Opusculum Raymundinum de Auditu Kabbalistico.N. pl., N. Pr., 1601
8vo. Pp. 117 (i). Roman letter. Woodcut of man in landscape to tp, woodcut diagrams within text. Ornamental woodcut head and tail pieces and initials. Label of Leo S. Olschki to pastedown, bookplate of Edward Sandford Burgess to fep, occasional contemp. marginalia, later numerals to rear ep. Light age browning, occasional marginal spot, intermittent foxing. A good copy in C1800 olive crushed morocco, triple fillet border, spine gilt, aeg.
Born in the Kingdom of Majorca, Lull (or Raymond Lully or Raimundus Lullus, c.1232-c.1315) was a Franciscan tertiary, philosopher, and author of numerous works on theology, philosophy, astronomy and computation in Catalan, Latin and Arabic. Lullism developed from his philosophical approach, which examines ‘truth’ by deciphering and manipulating the letters of the alphabet. In fact, this complex philosophy anticipated work of elections and computational theory several centuries before their advent. Lull’s journey into mysticism began when he experienced a religious epiphany in which Jesus Christ appeared to him suspended in mid-air. Lull was a prolific missionary and preacher, especially in Northern Africa, but was beaten and stoned in Bougie, Algeria, dying the following year. He is one of the most important Spanish philosophical and religious figures in early modern history, the Ramon Lull University in Barcelona named in honour of his contributions to Spanish academia.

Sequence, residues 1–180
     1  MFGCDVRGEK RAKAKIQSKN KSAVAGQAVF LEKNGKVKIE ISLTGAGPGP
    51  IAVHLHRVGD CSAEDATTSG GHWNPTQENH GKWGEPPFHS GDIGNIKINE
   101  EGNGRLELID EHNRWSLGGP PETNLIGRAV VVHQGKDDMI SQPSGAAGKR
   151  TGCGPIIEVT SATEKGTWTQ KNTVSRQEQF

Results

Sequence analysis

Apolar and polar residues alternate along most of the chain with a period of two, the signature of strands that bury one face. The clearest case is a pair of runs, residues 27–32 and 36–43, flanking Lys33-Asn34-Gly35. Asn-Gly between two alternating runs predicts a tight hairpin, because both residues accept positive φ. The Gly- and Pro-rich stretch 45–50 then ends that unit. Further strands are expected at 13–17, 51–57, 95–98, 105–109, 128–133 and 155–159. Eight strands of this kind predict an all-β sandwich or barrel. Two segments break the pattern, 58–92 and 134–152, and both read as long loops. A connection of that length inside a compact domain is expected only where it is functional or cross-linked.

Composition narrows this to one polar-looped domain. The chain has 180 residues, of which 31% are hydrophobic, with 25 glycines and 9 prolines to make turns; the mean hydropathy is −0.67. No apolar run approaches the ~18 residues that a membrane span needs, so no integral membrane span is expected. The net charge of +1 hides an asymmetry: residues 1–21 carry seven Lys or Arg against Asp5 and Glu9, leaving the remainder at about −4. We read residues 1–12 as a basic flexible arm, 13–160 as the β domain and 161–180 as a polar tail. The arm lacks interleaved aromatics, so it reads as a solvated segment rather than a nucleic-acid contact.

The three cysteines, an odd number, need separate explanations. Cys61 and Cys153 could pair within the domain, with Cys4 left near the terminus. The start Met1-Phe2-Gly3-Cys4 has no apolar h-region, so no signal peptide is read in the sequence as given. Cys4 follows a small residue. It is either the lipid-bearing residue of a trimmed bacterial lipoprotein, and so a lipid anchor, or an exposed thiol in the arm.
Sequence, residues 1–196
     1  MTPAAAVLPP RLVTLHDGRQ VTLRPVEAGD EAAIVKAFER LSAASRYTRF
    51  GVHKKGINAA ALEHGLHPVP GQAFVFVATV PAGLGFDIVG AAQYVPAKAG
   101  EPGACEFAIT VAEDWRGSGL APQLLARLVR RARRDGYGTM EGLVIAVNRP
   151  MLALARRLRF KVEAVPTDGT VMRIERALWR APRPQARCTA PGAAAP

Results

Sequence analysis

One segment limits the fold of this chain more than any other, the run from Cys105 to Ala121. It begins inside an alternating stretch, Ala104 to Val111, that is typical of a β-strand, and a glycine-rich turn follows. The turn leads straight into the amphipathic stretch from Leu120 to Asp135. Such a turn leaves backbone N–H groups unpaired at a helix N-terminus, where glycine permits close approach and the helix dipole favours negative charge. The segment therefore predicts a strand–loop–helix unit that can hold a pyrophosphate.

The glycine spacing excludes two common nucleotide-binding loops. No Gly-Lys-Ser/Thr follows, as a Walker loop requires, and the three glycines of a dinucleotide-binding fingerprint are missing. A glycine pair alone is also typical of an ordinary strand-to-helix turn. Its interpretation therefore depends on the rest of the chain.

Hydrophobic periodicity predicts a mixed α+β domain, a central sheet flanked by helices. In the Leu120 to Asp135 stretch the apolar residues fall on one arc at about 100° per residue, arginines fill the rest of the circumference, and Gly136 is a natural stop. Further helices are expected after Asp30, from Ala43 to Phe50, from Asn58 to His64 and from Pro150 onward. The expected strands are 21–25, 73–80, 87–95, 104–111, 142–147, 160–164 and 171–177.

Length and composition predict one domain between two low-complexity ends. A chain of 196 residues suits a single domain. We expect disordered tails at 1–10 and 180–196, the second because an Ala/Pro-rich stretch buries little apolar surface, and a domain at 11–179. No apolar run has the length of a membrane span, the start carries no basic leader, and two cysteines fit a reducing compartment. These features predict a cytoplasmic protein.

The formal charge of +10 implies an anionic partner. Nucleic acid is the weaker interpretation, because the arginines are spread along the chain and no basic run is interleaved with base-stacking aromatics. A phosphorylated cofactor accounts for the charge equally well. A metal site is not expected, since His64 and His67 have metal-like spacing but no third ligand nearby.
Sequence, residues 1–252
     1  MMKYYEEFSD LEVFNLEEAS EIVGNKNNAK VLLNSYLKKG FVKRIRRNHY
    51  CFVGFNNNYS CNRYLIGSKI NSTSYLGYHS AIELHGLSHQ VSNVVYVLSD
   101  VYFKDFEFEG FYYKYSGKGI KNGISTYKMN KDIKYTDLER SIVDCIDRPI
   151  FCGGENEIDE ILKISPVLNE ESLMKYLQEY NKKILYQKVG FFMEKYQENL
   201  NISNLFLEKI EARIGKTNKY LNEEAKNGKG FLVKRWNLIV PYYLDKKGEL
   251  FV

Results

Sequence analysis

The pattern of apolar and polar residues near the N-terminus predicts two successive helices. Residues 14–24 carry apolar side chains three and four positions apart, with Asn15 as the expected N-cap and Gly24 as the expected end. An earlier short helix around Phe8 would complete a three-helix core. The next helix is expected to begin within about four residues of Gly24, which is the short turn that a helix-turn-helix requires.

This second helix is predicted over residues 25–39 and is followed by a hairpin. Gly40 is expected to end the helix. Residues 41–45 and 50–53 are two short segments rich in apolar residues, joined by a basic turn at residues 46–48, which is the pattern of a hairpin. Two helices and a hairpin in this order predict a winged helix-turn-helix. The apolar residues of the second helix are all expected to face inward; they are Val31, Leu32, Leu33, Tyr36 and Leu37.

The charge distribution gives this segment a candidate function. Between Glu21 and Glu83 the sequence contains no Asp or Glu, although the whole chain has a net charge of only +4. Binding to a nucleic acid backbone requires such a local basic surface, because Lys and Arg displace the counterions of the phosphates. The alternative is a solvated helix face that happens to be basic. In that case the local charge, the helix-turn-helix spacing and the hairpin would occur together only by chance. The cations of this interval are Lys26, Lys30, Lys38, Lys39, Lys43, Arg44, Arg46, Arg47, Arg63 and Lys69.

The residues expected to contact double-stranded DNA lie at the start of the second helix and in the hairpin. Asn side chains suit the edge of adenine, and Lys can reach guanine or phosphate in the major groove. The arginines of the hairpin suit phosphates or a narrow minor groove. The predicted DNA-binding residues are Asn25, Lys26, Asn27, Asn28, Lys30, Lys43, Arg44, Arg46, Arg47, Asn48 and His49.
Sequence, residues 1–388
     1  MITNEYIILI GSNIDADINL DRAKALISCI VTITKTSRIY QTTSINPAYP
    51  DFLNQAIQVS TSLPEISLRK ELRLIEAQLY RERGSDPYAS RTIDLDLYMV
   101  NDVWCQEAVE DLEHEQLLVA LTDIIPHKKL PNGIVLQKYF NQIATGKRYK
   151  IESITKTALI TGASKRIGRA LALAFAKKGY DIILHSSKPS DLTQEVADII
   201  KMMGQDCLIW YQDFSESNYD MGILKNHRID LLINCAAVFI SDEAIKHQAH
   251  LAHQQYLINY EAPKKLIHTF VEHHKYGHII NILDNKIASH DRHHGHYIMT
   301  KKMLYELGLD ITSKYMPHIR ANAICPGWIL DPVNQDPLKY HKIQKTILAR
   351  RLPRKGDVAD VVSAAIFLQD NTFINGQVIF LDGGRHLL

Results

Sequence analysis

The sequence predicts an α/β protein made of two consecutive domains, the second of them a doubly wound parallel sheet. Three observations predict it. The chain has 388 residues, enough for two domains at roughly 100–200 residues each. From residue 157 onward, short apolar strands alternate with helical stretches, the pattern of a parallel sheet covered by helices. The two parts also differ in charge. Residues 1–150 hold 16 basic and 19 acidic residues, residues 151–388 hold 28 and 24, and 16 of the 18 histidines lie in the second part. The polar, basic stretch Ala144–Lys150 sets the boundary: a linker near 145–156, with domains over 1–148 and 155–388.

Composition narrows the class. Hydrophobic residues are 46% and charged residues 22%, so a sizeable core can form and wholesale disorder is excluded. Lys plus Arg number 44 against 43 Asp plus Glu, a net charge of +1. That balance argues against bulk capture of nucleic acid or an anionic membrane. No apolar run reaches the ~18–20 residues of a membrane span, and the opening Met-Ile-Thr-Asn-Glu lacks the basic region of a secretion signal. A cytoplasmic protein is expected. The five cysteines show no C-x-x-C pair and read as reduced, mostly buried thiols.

“How successful was the thesis of ‘De auditu kabbalistico’ in the 16th and 17th centuries, could be shown by the impressive reception of this treatise, which ranges from about Giordano Bruno, Claude Duret, Johann Heinrich Alsted and Athanasius Kircher up to Leibniz” (G. Kurz [ed], Meditation und Erinnerung in der Frühen Neuzeit, p 115; trans.). This is the first book that deepens and broadens the ars combinatorial method invented by Lull through which, by using diagrams, figures, or words, one could connect information in each field to get closer to universal knowledge as well as to be able to memorize it.“The rarest and most sought-after of Raymond Lulle’s works” (Biblioth. Stanislas de Guaita no. 530 and 1565, which only has the ed. of 1601).
Interestingly, the total authorship of Lull has been contested, the work being also attributed to Pietro Mainardi (b. 1456). Mainardi was a prolific Kabbalist scholar and follower of Lull and Lullism. He did not sign the work, and therefore later editions like the present became ‘Opusculum Raymundinum’. Its success is attested by a number of documents and printed texts in which quotations from this work were combined with Lull’s own Kabbalistic texts. This is the third edition recorded in Palau, following 1518 and 1578 editions.
“Le plus rare et le plus recherché des ouvrages de Raymond Lulle, avec une vignette naïvement gravée sur bois et des figures hors texte. Ad. Franck dans son ouvrage sur la Kabbale consacre un long article à R. Lulle et à cet opuscule.” (Caillet 6846).Palau 143.865; Kraus Duveen has the 1578 edition.